Affect vs. Effect: Commonly Confused Words
Many groupings of words are similar in sound or spelling but have different meanings. Even native speakers don’t always know which to choose in a given situation. In this blog post, we talk about the meanings and uses of some of these commonly confused words and offer some tips to guide you in the future.
Today, let’s look at a word pairing that can trip up even experienced writers (and some proofreaders): the almost-twins "affect" and "effect."
This distinction is especially tricky because, although one of these two has a specialized secondary meaning (which we’ll examine in a moment), in the overwhelming majority of uses, affect and effect convey the same concept but act as different parts of speech.
Causes and Consequences
The most common use of these words is in reference to causes and influences. Something is acting upon something else to produce a response. In this sense, you’ll (almost always) use affect-with-an-A as a transitive verb.
Chaos theory holds that the flapping of a butterfly’s wings can affect weather patterns half a world away.
Heavy rains can cause floods, affecting harvests.
For nouns and adjectives, use the E spelling.
This phenomenon is called the Butterfly Effect.
Levees provide an effective defense against floods.
The major exception to the E-for-adjective rule comes when a gerund (the -ing form of the verb) forms part of the adjective:
Insecticides can help control weather-affecting butterflies.
In this example, the phrase “weather-affecting” acts as an adjective, modifying the noun “butterflies,” but because it retains its meaning as a verb, it retains its A spelling.
As a general rule, use affect when talking about action and effect to name or describe the end result. Action comes before result: A comes before E.
She affects others. She gets the desired effect.
The Affection Connection
Now for that specialized meaning. There are a number of applications for the affect-with-an-A form as a noun and an adjective. Luckily, these are pretty easy to keep straight because they mostly have to do with feeling “affection.”
These emotionally oriented meanings pop up in common phrases used a psychological diagnoses and movie reviews. For instance, a person who is emotionally undemonstrative may be described as having “a flat affect.” As a noun, affect refers to someone’s perceived emotional state or demeanor, and it’s pronounced, just this once, in two equally stressed syllables and with a short A as in cat. You would say “flat affect” with the same cadence as “Ben Affleck.” (No reflection on Mr. Affleck’s acting skills.)
Similarly, you might know someone who gets depressed during the winter months. This is known as “seasonal affective disorder.” “Affective” here relates to the person’s emotional state.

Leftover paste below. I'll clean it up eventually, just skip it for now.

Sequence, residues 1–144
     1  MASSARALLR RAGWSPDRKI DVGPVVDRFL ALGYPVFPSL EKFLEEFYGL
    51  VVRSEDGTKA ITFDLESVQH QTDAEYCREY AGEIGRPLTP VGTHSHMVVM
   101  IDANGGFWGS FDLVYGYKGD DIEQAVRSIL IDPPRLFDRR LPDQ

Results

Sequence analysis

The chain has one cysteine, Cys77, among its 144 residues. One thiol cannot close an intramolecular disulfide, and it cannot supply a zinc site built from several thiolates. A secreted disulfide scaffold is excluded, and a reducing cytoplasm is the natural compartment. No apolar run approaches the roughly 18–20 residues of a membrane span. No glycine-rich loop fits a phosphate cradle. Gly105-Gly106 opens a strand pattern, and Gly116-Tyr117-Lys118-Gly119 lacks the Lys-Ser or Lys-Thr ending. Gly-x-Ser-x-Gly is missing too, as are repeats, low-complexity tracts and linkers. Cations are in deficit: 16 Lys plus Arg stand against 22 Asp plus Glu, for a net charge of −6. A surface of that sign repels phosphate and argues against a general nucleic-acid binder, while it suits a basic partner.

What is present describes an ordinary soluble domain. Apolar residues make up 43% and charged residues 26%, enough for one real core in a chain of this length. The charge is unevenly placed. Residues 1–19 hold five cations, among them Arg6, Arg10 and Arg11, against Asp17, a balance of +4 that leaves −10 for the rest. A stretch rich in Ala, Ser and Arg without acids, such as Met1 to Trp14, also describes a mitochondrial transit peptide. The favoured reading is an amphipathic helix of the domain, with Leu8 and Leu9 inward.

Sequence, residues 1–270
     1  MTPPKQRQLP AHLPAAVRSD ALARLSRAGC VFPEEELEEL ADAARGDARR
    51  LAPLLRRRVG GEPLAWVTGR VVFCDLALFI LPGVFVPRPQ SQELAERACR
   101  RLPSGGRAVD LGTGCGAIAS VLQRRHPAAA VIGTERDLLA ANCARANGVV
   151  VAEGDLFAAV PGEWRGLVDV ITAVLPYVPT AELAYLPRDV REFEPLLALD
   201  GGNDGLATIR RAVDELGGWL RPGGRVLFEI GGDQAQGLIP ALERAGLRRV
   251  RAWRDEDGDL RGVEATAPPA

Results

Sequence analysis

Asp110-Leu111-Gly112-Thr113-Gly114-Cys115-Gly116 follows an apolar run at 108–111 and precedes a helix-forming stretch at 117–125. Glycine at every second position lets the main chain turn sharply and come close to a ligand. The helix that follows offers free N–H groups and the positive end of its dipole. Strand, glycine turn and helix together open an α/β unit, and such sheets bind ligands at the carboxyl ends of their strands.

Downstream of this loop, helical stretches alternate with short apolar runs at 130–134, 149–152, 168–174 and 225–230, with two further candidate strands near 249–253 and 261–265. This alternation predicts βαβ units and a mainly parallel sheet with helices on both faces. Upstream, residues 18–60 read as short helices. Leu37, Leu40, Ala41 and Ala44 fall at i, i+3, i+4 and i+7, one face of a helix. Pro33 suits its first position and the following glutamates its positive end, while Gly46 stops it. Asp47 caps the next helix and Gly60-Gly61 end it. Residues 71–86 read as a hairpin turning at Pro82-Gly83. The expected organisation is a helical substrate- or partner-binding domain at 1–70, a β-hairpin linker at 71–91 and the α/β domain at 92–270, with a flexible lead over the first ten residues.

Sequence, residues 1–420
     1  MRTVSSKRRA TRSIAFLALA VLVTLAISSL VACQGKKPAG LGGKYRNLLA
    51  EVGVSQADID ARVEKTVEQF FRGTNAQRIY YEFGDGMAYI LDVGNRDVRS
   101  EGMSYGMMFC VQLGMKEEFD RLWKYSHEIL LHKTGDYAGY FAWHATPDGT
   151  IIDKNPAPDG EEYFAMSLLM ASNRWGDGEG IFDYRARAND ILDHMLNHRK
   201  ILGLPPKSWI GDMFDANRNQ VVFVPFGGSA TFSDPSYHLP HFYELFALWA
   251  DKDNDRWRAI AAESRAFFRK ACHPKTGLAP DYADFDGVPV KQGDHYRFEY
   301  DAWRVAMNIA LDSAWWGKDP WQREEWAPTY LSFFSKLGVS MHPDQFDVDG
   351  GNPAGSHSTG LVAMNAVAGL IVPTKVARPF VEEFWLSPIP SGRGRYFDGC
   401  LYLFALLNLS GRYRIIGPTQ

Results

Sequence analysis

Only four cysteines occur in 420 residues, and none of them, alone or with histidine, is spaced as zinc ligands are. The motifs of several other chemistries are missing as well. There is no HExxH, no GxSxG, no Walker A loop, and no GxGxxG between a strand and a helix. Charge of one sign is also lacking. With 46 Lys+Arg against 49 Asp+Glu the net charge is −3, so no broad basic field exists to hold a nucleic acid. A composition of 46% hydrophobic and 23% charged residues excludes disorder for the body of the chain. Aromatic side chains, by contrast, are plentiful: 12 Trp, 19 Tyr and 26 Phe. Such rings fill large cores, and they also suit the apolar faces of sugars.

Or you might hear the adjective “affected” (or the related noun “affectation”) to describe a false or stilted personal manner; affect can also be used as a transitive verb for putting on such a display.
He’s naturally soft-spoken, but he affects a hearty guffaw at every joke.
That laugh is obviously affected, and the effect is simply pathetic.
His manly chuckle was a most annoying affectation.
The Achievement Exception
The final exception (because in English there’s always one more exception if you look hard enough) to the A-for-verb guideline comes when we use “effect” in the relatively rare sense of bringing something definitively into being, rather than simply exerting an influence. To “effect a solution” is to solve the problem, whereas “affect the solution” would mean to have an influence on a possible future solution. So when implementing a final result, or getting the job done, use the verb “effect.”
It’s all perfectly logical, going back to the “final result” sense of the noun effect. No? It’s a little obscure? Well, that may be why people have started using “impact” as a verb, even though it’s still technically wrong.)
In all other cases, the verb is affect. If you’re truly baffled, use that as your rule of thumb. Language is complex, and following the rules (such as they are) can’t always guarantee you’ll get it right, though it should make you less likely to get it wrong.
We hope this blog makes you a more effective writer. And remember, it’s interactive, so you can affect what topics we cover. If there’s a particular word pairing you’d like to see explained, leave a comment below and we might cover it in the months to come!
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